July 1, 2010 -- For nationally-acclaimed Chef David Walzog, being successful is all about having a good time. "You have to love throwing that party, not every Sunday, not every other Sunday, but every single night in a restaurant."
The in-demand chef and author of "The New American Steakhouse Cookbook," executive chef at SW Steakhouse in Las Vegas and soon to open Lakeside Grill (both at Wynn Las Vegas), definitely knows how to throw a party.
Known for his killer grilling techniques and innovative approach to steakhouse cuisine, Walzog's philosophy is to make the restaurant experience a positive one not only for the guest, but also for his team of kitchen crew and waitstaff. "It's not just a plate of food that comes before a guest," he said. "It's the spirit of the room, the energy of the room, it's the upbeat tempo of dining. It's the fun that people are having."
It certainly helps that the restaurant is located in a town known for having a good time. "You're just feeding that frenzy, that fun time, those good times for them," he said. "So you're buying fantastic ingredients, the best of the best, the rarest of the rare and putting it on a plate. People are there to have great experiences, wonderful hospitality, and a great time, so it makes our job very, very exciting."
It seems that Walzog has always been able to bring a fun and enthusiastic attitude into cooking. "I've been cooking for 28 years and having fun every single day," he said.
As a teenager, the Baltimore native worked restaurants in the summertime to pay the bills. It was there he discovered the team environment really appealed to him. "I likened it to an athletic team," he said. "I really just kind of liked the spirit and camaraderie of being in a kitchen, and food and ingredients and that stuff. So I definitely took a liking to those and the team part of it."
He tried a few years of college in Baltimore, focusing on marketing, but he continued to cook on the side and eventually completed some courses at culinary school. "I liked cooking. It kind of takes a hold of you and you want to be there more, and you want to do more, and you want to learn more, and when you're young, if it speaks to you, you've got to get in on it."
His interest in cooking grew even more when he moved to New York, living cheaply with a friend in a rent-controlled apartment he obtained through his sister. "We were able to eat when Jean-Georges was first at the Drake Hotel and all around at Le Cirque, wherever else, and could somewhat afford it," he recalled. "We were line cooks and just riding our bike everywhere and having a good old time in the city. That's how it began," he said.
Walzog moved to New York City to begin his career in cuisine at Lola restaurant. After Lola, he moved on to a coveted position working under Gotham Bar and Grill's legendary chef, Alfred Portale, whom he said had a major influence on him. "Watching how he mentored and coached and counseled and drove us to work really hard, and to never lower the bar," Walzog said, adding that it didn't matter the number of people they were serving, Portale's dedication was obvious, and that enthusiasm was contagious. "Whatever it was, we were so absolutely dedicated to everything he wanted and wanted to do," Walzog said.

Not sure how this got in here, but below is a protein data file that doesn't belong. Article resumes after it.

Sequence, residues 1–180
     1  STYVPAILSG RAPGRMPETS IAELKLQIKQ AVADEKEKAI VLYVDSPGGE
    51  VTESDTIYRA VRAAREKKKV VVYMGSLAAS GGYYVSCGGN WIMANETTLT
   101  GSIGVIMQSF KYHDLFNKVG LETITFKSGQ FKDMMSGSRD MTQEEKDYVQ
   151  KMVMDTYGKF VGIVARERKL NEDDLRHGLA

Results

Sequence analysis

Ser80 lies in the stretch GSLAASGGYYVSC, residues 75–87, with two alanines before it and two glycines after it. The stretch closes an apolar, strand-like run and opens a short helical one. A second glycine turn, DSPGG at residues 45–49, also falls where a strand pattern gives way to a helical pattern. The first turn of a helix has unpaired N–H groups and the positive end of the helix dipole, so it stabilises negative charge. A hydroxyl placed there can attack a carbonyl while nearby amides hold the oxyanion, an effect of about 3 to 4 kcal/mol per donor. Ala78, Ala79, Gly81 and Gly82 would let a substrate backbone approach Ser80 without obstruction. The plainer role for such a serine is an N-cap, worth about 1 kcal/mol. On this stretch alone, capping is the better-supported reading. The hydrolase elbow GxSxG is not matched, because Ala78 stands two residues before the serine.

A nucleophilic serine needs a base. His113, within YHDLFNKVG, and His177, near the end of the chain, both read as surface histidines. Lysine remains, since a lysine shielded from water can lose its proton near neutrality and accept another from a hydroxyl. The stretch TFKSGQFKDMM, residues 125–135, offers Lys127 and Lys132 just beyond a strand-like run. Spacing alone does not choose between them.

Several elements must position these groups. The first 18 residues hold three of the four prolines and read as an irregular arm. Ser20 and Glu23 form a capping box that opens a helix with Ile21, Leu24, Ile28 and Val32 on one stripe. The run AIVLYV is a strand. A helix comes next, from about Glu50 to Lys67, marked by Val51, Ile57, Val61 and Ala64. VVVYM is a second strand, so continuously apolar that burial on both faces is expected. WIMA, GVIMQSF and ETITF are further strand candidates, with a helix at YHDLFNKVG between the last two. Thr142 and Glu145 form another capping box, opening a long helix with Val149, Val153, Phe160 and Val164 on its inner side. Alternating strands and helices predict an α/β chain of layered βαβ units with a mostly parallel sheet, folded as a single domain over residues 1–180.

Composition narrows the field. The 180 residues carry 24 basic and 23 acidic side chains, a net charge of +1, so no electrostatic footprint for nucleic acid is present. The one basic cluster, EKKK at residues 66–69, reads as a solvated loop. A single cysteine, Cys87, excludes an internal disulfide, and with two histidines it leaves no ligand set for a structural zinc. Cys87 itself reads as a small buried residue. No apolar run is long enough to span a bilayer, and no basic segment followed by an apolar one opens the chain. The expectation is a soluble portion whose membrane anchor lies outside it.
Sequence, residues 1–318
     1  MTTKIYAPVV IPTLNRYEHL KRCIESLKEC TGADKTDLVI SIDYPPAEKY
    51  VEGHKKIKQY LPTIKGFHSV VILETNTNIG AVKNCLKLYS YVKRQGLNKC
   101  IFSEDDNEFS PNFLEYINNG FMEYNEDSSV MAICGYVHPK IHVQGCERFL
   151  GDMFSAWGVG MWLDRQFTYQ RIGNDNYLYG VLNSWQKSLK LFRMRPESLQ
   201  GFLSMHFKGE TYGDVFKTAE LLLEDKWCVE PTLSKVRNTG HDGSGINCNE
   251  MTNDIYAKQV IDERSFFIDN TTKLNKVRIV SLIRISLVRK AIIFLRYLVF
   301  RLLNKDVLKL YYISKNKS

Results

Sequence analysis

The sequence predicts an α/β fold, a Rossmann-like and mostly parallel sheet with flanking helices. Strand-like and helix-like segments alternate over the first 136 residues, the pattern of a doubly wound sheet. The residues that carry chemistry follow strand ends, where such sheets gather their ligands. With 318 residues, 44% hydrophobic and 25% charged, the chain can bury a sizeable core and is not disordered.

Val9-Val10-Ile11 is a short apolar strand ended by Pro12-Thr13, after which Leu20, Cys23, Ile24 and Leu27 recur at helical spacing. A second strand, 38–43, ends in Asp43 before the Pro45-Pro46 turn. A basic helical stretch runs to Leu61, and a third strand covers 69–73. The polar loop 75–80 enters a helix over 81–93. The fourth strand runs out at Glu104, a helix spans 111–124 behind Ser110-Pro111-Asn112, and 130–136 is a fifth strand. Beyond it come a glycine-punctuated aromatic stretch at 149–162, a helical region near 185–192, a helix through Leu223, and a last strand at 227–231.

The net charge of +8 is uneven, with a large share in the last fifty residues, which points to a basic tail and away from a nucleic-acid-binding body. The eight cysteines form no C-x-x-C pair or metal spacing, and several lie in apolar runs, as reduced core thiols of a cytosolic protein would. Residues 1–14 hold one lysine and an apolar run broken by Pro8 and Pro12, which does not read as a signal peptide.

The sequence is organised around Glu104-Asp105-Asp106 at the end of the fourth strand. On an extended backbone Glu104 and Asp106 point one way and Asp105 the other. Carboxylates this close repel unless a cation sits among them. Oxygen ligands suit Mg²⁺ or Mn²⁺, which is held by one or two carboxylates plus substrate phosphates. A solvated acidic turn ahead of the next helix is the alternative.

Portale's continual coaching was instrumental in shaping him and the other younger chefs. "That was a great dynamic to learn and kind of understand at that point in my career that worked really well," he said.
Walzog said that as he was growing in the business, he didn't really have a set goal in mind. "The only goal and kind of things I set before me was making my way in an industry, paying the bills, and loving to go to work everyday," he said.
At 24, Walzog was able to further sharpen his skills as opening chef under Chef Mark Miller at Red Sage in Washington, D.C., another potent classic chef. "He's wonderfully passionate, hugely educated, he was a wealth of information and he's just a resource and a really great guy," he said. Miller showed Walzog the art of developing a menu and determining the way a restaurant would behave. Walzog said his position under Miller was incredibly fortunate, and he admits, "was probably above my head and above my years of experience," but Walzog made the most of it. "I was kind of his right hand in that opening. You talk about just… second to none kind of experience, especially in a young career, was just fantastic…to learn from him, that's where a huge amount of ingredient passion and food passion and development passion and kitchen, all that stuff was great."
He returned to New York as Executive Chef at Arizona 206, again an incredible opportunity for his age. "I was 24, 25 years old and helming what was in the mid-80's and late-80's the hottest thing kind of going," he said. "They had three-star review after three-star review, it was very contemporary, stylish, slick, fun, -- a tequila-driven, Southwestern cuisine restaurant that was really cool," he said.
Walzog credits his past experiences for helping him land the gig. "Working with and for Mark Miller and doing that whole development… it was a master's program in southwestern flavors, ingredients, developing levels of flavors and plates, and 'why's?' and 'how comes?' No question about it. I think that I went and had a great experience at Gotham with Alfred, and I went and had a great experience, doing a whole other curriculum at Red Sage," he said.
It was during his tenure there that his Southwestern menu caught the attention of the New York Times (he was awarded three stars), and his flair for lively tastes translated to steak house cuisine garnered him much attention.
Walzog became the corporate executive chef at the Glazier Group in New York City, putting him in charge of the city's legendary The Steakhouse at Monkey Bar, Michael Jordan's The Steak House NYC, for whom he developed their brand steak sauce, and three Strip House restaurants.
Walzog was recruited to Vegas in 2005 to head the staff at SW Steakhouse. "Although it's very rewarding to cook in New York, I think it's even more so rewarding to cook in Las Vegas because guests are there to have nothing but a great time," he said.